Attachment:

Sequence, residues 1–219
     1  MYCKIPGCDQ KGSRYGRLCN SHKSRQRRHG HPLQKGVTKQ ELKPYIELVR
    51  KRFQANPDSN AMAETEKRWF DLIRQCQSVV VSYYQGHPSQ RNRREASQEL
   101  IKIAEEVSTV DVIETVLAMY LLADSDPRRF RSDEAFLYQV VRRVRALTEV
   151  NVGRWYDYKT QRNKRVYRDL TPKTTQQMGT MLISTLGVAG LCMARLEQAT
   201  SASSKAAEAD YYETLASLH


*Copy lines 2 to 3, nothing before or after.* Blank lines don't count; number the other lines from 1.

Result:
     1  MYCKIPGCDQ KGSRYGRLCN SHKSRQRRHG HPLQKGVTKQ ELKPYIELVR
    51  KRFQANPDSN AMAETEKRWF DLIRQCQSVV VSYYQGHPSQ RNRREASQEL